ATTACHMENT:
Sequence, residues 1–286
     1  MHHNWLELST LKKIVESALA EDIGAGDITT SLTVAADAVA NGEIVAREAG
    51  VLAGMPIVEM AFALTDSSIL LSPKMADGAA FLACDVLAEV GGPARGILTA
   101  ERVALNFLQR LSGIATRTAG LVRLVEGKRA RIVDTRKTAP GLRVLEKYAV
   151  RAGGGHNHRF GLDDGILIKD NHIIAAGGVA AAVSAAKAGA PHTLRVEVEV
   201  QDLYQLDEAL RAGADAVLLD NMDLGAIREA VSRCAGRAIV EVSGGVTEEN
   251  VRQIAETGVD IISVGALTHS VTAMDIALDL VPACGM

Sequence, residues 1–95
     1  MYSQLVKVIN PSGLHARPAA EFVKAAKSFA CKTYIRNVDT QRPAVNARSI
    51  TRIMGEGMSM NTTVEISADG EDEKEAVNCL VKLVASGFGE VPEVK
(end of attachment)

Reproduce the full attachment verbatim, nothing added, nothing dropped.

Sequence, residues 1–286
     1  MHHNWLELST LKKIVESALA EDIGAGDITT SLTVAADAVA NGEIVAREAG
    51  VLAGMPIVEM AFALTDSSIL LSPKMADGAA FLACDVLAEV GGPARGILTA
   101  ERVALNFLQR LSGIATRTAG LVRLVEGKRA RIVDTRKTAP GLRVLEKYAV
   151  RAGGGHNHRF GLDDGILIKD NHIIAAGGVA AAVSAAKAGA PHTLRVEVEV
   201  QDLYQLDEAL RAGADAVLLD NMDLGAIREA VSRCAGRAIV EVSGGVTEEN
   251  VRQIAETGVD IISVGALTHS VTAMDIALDL VPACGM

Sequence, residues 1–95
     1  MYSQLVKVIN PSGLHARPAA EFVKAAKSFA CKTYIRNVDT QRPAVNARSI
    51  TRIMGEGMSM NTTVEISADG EDEKEAVNCL VKLVASGFGE VPEVK